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How to Handle Rental Inspections Like a Professional Property Manager in San Antonio, TX

System - Tuesday, September 20, 2016


There are different inspections a property manager conducts in a rental property, and today we’re concentrating on the inspections that are done when a tenant is vacating a property. To start, there are several things you want to do before you go to the property. Familiarize yourself with the terms of the lease so you know who is responsible for what at that property.

Next, review your maintenance history to see what kind of work you did at that property prior to the tenant moving in. And then, you want to go ahead and review the move-in condition report and the rental inspection checklist that the tenant filled out after moving into the home. Grab a flashlight and a digital camera with a time and date stamp.

Property Management San Antonio: Inspect the Property from a Distance

Start by parking on the curb of the property so when you exit the vehicle you’re looking at the dwelling from a distance. At this point, I’m going to see if there are any oil stains in the driveway. I look around the roof to see if there are any branches or trees touching the house, and I see if there are any bushes or shrubs that are overgrown. Next, I’ll approach the structure and start with the garage door. If it’s a metal door, I’ll look for dents in the panels because that could be a tenant charge. Next, I’ll walk around the structure and check the landscaping. I’ll look at each window and screen. There are also things I’ll want to check for preventative maintenance purposes, such as whether there is any rotted wood or trim that needs to be painted. I’ll also check for termite tunnels. Before you’re done inspecting the outside of the structure, look at the hose fittings to make sure none of them are leaking.

Property Management San Antonio: Inspecting the Interior

Next, do the interior. As I walk up to the front door, I check to make sure the area is clean. The first thing a new tenant will see is that entrance to the dwelling, and it has to look good. It may or may not be a tenant responsibility, but I always recommend cleaning that area. I’m methodical in the way I work my way through the structure, going from left to right and room to room. When I go into each room, I check every wall and ceiling. I check floors, cupboards, and closets. In the kitchens and bathrooms, I run hot and cold water through the faucets. I check the drains to make sure they are draining adequately and I use my flashlight to go under the sinks and verify there are no leaks. I also check the appliances to make sure they are working and clean.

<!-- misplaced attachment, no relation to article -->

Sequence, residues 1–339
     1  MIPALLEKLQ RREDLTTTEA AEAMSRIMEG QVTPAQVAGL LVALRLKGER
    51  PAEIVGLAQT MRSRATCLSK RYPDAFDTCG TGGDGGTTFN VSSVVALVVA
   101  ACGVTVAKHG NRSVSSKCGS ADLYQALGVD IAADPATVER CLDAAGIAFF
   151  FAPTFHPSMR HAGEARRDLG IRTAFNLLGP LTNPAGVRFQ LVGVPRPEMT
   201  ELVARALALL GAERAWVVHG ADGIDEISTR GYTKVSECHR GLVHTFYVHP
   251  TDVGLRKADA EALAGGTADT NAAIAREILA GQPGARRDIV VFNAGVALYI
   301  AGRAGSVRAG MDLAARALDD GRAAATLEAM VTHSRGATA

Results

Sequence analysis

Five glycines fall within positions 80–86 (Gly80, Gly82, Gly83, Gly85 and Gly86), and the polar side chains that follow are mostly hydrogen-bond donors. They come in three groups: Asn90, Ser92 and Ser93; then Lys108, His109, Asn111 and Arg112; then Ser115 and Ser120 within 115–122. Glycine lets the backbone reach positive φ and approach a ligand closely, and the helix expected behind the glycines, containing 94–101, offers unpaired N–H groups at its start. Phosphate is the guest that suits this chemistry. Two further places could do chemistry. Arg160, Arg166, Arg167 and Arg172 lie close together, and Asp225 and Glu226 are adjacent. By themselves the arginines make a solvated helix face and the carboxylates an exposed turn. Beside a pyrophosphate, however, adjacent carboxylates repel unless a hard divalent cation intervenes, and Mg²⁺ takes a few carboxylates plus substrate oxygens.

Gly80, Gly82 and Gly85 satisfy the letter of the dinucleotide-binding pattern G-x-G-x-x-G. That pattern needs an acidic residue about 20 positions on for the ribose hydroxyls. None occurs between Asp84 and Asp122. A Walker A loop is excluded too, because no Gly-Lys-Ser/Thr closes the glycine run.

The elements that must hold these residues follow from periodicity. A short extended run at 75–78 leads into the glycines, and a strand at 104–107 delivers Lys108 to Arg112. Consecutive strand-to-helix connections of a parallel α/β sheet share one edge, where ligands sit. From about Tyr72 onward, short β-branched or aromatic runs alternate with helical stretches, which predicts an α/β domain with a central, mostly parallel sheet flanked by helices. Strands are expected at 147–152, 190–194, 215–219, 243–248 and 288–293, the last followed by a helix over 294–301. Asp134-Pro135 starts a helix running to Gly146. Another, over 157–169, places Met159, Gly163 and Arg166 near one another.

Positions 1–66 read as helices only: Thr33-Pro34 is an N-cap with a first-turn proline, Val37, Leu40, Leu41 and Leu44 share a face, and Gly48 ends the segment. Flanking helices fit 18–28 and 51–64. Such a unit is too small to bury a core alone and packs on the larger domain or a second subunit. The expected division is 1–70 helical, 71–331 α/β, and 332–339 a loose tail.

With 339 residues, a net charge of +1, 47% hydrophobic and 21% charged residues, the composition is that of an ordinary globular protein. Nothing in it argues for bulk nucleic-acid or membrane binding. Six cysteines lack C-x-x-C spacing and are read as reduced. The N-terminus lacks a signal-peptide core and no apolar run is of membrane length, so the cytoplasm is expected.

As I go through the house, I’m checking each and every blind, turning on every light to make sure the bulbs are working, and checking ceilings. People get focused on the carpet and floors and forget to look up. Check around the air conditioning grill and make sure you don’t see dirt marks. If there are dirt marks, there’s a good chance that your tenant has not been changing the filters on a regular basis. Next, I want to go in and check the air conditioner closet and verify there’s a clean filter in there. If you see dirt, you may need to have the grills and evaporator coils cleaned, and that can be a tenant charge.


Property Management San Antonio: Take Photos of the Property

Go back through with your camera and document everything that may be the tenant’s responsibility. You’ll want to note the deficiencies and use the time and date stamp to document when you performed this inspection. It’s very important that if you have a cold or allergies, you take someone else who is not a smoker and has a good sense of smell. One of the biggest issues that exists with properties that don’t rent quickly is offensive odors. A long vacancy could be due to a lingering odor which might be from a pet or a smoker. So, have someone there who can identify any smells. If you do have a pet or smoke issue, you may charge the tenant for treating the slab for odors or changing the carpet. In the case of a smoker, you may have to clean the air ducts or have an ozone machine run through the property.

 

These are the basics on how to do a rental inspection the way a property manager would. If you have any questions about these inspections, or anything pertaining to San Antonio property management, please contact me, Greg Briggs, or the amazing team at Terra Realty & Management Group.


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